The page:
How to compost

Composting safely

Which bin to choose?

Your compost ingredients

Emptying your bin

To Turn or not to Turn?

How long to compost?

Worms and Wormeries

Seasonal Tips

Kitchen waste

Prickly prunings

Weeds and weeds

Too much grass

Leaves for Leafmould


Advice sheets

Unwelcome Guests

Topical Composting

You want to empty your Compostabin when:-
  it is full and the contents have stopped shrinking down so that you canít get  any more compostable material in or you want to use some of the compost that is ready at the bottom

More tips in Is My Compost Ready?

You can empty your bin twice a year in the late spring and in the autumn but once a year, preferably spring, will do fine.

To find out whether there is made compost at the bottom you will need to lift up a Compostabin and have a look. The bin is designed so that when you lift it up the contents stay together in a neat pile. THEY DO NOT FALL APART. The bin is not heavy but may be slightly wedged by the weight of compost inside so give it a gentle wriggle if it will not lift up easily.

lifting compostabinP
lastic composters without a hatch
These bins can be hard to get hold of now, but are the simplest and best units to use. Simply lift the bin up and off the heap. This will stay together neatly, itís like turning out a sandcastle. Put the empty bin beside the heap and fork back into it the material that hasnít rotted down. By turning the compost over like this, you mix in air and this speeds up the composting process. You then shovel up the finished compost from the bottom of the original heap.
You should do this once a year in the spring.

Plastic bins with a hatch

These are now the most widely available bins. You are invited to remove the hatch and shovel up the compost thatís ready. But when youíve removed some compost, youíll find that the resulting hole is immediately filled with material that isnít yet ready for use. You will also find it hard to remove all the compost at the bottom of the bin as your shovel probably wonít reach the far corners. If the bin is no larger than 330 litres, we recommend removing the bin from its pile as described for a bin without a hatch.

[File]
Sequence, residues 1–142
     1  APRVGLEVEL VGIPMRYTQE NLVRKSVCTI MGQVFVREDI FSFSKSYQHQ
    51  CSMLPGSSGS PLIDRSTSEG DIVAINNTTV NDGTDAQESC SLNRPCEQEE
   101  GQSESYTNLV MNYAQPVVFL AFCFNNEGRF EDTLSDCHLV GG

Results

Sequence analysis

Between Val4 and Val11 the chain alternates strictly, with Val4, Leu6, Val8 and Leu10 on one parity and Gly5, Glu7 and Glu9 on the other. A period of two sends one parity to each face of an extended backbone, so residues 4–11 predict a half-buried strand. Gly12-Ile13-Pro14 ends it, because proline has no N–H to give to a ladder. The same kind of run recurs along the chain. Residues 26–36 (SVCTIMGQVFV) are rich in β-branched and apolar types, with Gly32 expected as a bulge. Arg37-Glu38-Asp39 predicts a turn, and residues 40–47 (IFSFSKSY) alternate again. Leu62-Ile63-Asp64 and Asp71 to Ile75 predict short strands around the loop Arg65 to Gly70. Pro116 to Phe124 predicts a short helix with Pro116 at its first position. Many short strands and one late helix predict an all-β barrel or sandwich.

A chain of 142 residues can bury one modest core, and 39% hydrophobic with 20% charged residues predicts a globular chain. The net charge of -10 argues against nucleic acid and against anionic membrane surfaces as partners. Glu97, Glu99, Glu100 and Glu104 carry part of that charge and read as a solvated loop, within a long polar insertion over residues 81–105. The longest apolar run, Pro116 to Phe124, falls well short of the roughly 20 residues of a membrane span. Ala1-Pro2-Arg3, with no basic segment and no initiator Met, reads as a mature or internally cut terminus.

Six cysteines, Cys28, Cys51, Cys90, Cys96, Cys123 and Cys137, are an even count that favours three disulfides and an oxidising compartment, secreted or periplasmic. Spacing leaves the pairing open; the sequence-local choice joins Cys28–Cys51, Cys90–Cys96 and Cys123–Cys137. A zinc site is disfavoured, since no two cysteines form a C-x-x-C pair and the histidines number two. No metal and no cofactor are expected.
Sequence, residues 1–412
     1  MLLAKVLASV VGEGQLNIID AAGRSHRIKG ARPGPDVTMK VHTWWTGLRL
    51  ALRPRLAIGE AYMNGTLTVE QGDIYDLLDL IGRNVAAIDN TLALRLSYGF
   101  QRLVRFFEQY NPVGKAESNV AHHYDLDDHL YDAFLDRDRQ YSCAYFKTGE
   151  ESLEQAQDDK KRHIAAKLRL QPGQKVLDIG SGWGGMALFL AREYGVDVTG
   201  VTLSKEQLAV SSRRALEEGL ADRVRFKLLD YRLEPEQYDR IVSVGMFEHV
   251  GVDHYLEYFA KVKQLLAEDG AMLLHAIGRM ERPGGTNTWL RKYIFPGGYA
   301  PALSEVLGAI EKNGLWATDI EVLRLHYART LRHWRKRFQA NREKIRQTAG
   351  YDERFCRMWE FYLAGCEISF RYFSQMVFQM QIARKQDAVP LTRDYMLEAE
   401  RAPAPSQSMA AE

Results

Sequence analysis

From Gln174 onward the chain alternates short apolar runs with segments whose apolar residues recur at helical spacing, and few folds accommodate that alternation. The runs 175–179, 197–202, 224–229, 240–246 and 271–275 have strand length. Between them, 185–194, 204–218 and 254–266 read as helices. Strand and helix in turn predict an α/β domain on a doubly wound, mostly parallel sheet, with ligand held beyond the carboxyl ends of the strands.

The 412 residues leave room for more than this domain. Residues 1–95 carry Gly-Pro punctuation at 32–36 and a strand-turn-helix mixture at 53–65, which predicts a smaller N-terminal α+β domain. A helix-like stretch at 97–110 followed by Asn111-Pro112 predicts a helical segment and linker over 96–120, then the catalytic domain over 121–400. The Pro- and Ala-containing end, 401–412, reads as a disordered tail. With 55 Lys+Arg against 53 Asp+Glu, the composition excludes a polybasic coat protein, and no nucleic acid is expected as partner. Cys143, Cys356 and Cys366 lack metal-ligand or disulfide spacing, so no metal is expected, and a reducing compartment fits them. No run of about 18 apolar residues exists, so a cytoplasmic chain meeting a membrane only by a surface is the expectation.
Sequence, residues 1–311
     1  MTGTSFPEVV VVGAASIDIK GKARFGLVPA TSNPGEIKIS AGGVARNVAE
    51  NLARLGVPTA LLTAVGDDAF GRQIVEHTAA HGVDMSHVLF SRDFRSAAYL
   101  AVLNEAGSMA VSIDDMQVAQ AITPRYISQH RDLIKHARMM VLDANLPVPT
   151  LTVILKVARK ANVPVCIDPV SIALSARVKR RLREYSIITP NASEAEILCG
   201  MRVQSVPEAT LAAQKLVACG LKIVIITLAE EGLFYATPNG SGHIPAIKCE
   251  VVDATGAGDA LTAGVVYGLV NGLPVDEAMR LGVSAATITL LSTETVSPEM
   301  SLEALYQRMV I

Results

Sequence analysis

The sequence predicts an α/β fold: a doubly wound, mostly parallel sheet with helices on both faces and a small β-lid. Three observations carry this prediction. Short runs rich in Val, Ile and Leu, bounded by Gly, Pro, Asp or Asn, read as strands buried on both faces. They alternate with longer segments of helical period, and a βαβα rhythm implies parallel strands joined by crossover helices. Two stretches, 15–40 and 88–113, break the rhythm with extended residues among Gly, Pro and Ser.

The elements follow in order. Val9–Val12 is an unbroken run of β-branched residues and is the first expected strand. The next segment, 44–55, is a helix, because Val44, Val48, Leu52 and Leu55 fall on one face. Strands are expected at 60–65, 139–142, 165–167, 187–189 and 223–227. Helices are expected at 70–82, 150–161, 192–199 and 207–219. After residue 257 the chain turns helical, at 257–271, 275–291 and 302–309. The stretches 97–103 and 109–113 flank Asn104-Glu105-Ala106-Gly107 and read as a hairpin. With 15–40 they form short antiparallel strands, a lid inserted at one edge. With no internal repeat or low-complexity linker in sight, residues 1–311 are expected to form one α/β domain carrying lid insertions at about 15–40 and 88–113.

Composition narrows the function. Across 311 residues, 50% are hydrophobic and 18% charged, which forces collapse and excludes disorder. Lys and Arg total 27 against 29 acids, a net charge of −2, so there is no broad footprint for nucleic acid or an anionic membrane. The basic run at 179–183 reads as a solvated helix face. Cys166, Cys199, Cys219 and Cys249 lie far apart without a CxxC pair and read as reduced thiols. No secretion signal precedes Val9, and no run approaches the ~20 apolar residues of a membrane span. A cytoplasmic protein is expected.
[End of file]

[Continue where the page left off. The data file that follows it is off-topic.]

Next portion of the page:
Use the hatch to check how the things are going at the bottom of the bin.

Square or hexagonal plastic bins

These come as flat packs that youíll have assembled. The sides are held together with long plastic pins that fit through eyes on the vertical sides. Remove one pin and you can then swing one side like a door.
You fork the uncomposted material to one side and this gives you access to the well rotted compost at the bottom. Then slip the pin through its retaining eyes and fork back the material you donít want to use just now. Again this turning will inject air into the heap and speed up the composting process.

A New Zealand Box

This has two bays. You fill one with kitchen and garden rubbish the first year. In the spring of the 2nd year cover it with a wooden or plastic lid or sheets of cardboard or bubble wrap to give some insulation. We no longer recommend using old carpets as there is some evidence that synthetic chemicals from the carpet can leach into the compost, thereby contaminating it.
Leave this first bay to rot down while you fill the second.
At the beginning of the third year, dig out the compost from the first bay. This is now cleared for the current yearís rubbish!
(A good idea is to turn last yearís half-digested compost by forking it into the empty bay.)

Let your garden enjoy your compost!

Download our free leaflet on Using Compost in the Garden

Find recipes for Potting and Seed Mixes in DIY Compost Mixes and Making your own potting mixes

You can watch our video to see how best to go about emptying your home compost bin.